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      The Social Consequences of the Global Expansion of the COVID-19 Pandemic



            Based on a class analysis, the article shows the failure of the commercialized health care system in the Global North and South to address the COVID-19 pandemic. To this end, the article investigates the dynamics, consequences, and prospects of the struggle by developed countries to overcome the coronavirus crisis, revealing the extremely low effectiveness and class limitations of the measures taken. The stumbling block in the way of curbing the pandemic on a global scale has been the refusal by developed countries to help developing countries vaccinate their populations. The brunt of the COVID-19 problem has been shifted by the capitalist state and monopolies onto the working class, leading to increased exploitation, excess mortality, and widening inequality. On the basis of an analysis of the health crisis in the capitalist world, the article concludes that global civilization must move toward a more just and democratic world order that is able to put the health of workers before monopoly profits, and to guarantee everyone the right to live with dignity.

            Main article text


            Since 2020 the term “COVID-19 pandemic,” which is the key word in our article, has been widely used in socio-economic publications. There are currently more than 2,500,000,000 references to “COVID-19 pandemic” on Google, which shows the enormous attention paid in the world political-economic and economic-sociological discourse to COVID-19 as a social disease. By the admission of many scientists, the measures taken against the pandemic by the authorities in the Global North have failed to achieve their goals, resulting in mass infections, the impoverishment of millions of people, increased inequality, and the trampling of justice on all continents as a result of the inability of global capitalism to withstand the coronavirus onslaught.

            As interpreted by the British sociologist Christian Fuchs, the COVID-19 pandemic struck the world economy at a time when authoritarian traits were expanding within capitalism as a consequence of a deep economic crisis and of decades of neoliberal policies that had reinforced social inequality and encouraged the spread of far-right ideology. As a result, the global community had grown more fragile and prone to violence, war, and fascism; it had become ill-prepared to deal with a global pandemic, and finished up paying an excessively high price to overcome it (Fuchs 2021, 264). The authors of this article share the opinion of those scholars who argue that the failure of the countries of the Global North in their fight against COVID-19 has been a consequence of the intensification of the general crisis of global capitalism in the first decades of the 21st century.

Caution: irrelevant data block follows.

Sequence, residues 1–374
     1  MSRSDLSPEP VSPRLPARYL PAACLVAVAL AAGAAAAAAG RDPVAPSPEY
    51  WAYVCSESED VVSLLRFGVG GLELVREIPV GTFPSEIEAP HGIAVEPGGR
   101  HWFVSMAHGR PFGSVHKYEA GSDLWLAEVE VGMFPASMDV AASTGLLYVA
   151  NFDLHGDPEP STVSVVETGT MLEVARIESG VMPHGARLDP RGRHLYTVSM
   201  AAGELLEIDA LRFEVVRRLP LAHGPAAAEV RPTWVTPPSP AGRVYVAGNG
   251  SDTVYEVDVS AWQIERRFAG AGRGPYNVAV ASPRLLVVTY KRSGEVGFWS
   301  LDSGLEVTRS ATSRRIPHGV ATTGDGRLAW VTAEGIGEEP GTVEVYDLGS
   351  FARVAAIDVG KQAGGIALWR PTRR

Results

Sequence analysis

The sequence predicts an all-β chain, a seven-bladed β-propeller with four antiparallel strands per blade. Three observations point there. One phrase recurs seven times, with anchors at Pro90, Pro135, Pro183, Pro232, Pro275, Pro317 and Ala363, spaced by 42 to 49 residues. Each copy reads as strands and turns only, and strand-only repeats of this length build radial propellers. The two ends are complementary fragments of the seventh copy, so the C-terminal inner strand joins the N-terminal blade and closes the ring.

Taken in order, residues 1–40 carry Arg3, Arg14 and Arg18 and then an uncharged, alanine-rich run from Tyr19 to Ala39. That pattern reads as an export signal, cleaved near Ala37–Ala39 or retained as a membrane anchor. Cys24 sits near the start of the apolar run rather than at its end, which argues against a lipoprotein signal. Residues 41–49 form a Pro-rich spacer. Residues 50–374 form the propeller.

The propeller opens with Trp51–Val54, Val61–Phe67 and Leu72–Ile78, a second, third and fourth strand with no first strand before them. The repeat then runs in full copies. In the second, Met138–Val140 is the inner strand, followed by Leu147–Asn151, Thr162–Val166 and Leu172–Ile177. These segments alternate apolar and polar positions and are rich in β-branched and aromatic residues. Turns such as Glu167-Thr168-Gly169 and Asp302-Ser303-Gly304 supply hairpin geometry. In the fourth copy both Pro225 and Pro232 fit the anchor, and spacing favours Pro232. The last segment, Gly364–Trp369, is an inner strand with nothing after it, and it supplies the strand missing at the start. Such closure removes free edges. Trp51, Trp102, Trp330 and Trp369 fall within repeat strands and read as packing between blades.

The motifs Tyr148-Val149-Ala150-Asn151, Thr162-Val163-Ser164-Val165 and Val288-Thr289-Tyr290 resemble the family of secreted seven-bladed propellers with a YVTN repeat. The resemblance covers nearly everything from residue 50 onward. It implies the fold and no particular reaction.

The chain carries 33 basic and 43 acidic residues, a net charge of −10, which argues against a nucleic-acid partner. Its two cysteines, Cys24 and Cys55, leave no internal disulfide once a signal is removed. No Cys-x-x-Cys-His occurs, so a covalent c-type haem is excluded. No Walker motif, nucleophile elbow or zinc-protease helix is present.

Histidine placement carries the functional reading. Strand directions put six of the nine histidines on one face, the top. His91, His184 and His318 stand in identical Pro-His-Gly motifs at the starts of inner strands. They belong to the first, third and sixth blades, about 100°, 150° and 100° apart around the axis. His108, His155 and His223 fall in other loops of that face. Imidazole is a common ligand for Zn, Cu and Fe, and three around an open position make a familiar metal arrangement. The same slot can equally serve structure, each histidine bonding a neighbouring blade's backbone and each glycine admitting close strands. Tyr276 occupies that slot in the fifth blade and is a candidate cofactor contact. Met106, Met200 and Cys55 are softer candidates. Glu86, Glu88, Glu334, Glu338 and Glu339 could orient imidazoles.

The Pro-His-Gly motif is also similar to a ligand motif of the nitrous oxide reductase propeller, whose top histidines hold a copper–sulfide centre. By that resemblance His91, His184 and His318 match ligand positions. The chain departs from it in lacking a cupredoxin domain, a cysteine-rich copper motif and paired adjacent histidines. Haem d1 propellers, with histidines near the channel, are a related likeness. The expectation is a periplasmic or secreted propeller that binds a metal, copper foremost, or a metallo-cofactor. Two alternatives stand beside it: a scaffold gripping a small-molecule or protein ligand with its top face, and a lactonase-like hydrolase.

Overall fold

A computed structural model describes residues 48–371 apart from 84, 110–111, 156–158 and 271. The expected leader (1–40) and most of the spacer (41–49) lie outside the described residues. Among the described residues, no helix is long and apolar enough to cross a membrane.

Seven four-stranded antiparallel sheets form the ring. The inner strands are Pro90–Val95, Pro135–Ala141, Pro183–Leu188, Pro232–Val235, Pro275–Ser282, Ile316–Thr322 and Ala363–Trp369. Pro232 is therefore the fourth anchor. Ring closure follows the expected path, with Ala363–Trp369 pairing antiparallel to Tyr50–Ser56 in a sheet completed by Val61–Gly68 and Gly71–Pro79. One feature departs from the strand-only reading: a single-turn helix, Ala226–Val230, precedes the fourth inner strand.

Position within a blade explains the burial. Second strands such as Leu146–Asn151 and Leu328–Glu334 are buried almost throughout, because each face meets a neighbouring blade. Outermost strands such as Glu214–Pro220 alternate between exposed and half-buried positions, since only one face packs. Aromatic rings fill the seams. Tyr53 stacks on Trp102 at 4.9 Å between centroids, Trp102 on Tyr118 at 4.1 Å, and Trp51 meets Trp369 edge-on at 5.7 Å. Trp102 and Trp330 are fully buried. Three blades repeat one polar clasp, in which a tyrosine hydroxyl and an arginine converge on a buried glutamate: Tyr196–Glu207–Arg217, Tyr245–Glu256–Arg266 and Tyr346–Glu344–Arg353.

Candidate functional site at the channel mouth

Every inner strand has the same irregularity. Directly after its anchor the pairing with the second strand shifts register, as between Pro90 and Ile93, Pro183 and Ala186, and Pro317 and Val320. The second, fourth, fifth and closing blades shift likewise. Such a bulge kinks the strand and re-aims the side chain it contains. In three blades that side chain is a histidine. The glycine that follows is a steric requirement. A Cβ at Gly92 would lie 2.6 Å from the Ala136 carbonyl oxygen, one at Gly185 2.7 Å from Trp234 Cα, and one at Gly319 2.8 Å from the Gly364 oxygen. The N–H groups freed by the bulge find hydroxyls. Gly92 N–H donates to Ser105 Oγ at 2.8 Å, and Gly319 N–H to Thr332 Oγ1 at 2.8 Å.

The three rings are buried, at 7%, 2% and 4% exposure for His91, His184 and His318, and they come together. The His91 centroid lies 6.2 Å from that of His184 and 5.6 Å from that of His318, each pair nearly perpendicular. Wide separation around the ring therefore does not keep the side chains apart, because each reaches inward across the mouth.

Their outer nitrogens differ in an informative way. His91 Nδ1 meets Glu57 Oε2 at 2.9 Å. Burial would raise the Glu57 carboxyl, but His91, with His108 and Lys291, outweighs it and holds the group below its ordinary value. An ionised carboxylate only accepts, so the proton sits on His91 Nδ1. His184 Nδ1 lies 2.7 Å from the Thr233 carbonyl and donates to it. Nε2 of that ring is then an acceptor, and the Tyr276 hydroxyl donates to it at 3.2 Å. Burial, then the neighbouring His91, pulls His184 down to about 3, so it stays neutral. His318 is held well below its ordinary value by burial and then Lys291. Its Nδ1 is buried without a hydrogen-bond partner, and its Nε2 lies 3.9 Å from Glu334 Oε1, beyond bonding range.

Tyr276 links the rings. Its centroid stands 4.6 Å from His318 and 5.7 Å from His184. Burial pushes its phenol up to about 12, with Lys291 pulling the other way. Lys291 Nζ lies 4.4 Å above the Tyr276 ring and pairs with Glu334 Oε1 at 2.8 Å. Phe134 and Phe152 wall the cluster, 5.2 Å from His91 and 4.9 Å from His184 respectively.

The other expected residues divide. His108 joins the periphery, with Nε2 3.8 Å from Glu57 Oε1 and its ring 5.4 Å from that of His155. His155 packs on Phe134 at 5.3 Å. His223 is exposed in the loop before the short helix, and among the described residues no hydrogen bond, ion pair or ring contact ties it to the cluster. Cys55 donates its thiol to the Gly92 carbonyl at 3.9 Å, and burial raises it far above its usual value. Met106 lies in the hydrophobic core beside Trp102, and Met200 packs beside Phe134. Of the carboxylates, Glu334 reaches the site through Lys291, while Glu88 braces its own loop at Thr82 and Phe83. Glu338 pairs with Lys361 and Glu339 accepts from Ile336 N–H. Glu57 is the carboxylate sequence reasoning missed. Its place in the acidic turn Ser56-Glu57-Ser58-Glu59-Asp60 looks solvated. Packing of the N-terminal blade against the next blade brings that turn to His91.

World civilization has experienced more than 20 pandemics in the last 200 years, and has faced severe shocks from viral diseases. It should suffice to recall that in 1918–1920 the “Spanish flu” claimed more than 50 million lives (Taylor 2022). However, the current spread of COVID-19 is the first pandemic in the history of humanity to have struck almost the entire world at the same time. In an extremely short period, the disease swept across the entire global space and affected all major aspects of human security (Robles 2022). All nations needed to implement solidarity actions in order to minimize the irrevocable human losses caused by the virus. This did not happen, and as a result, academic scholarship is faced with the question: “Why?”

            One well-researched and reasoned answer to this question is provided by the distinguished American professors Noam Chomsky and Marvin Waterstone:

            COVID-19 has revealed glaring failures and monstrous brutalities in the current capitalist system. It represents both a crisis and an opportunity. Contests for controlling the narratives around the meaning of this pandemic will be the terrain of struggle for either a new, more humane common sense and society or a return to the status quo ante. The outcome of those contests is uncertain; everything depends on the actions that people take into their own hands. (Chomsky and Waterstone 2021, 344)

            In the capitalist world, the lack of adequate action by both states and mass social movements to prevent and overcome the pandemic has resulted in COVID-19 reaping an abundant “harvest of death” on all continents. According to the Johns Hopkins University Center for Systems Science and Engineering, as of November 11, 2022, the world had seen 634,588,209 cases of COVID-19 and 6,608,713 deaths due to infection by the virus (Johns Hopkins University 2022). The latter figure exceeds the irretrievable losses of any country in armed conflicts since World War II (Worldometers 2022a).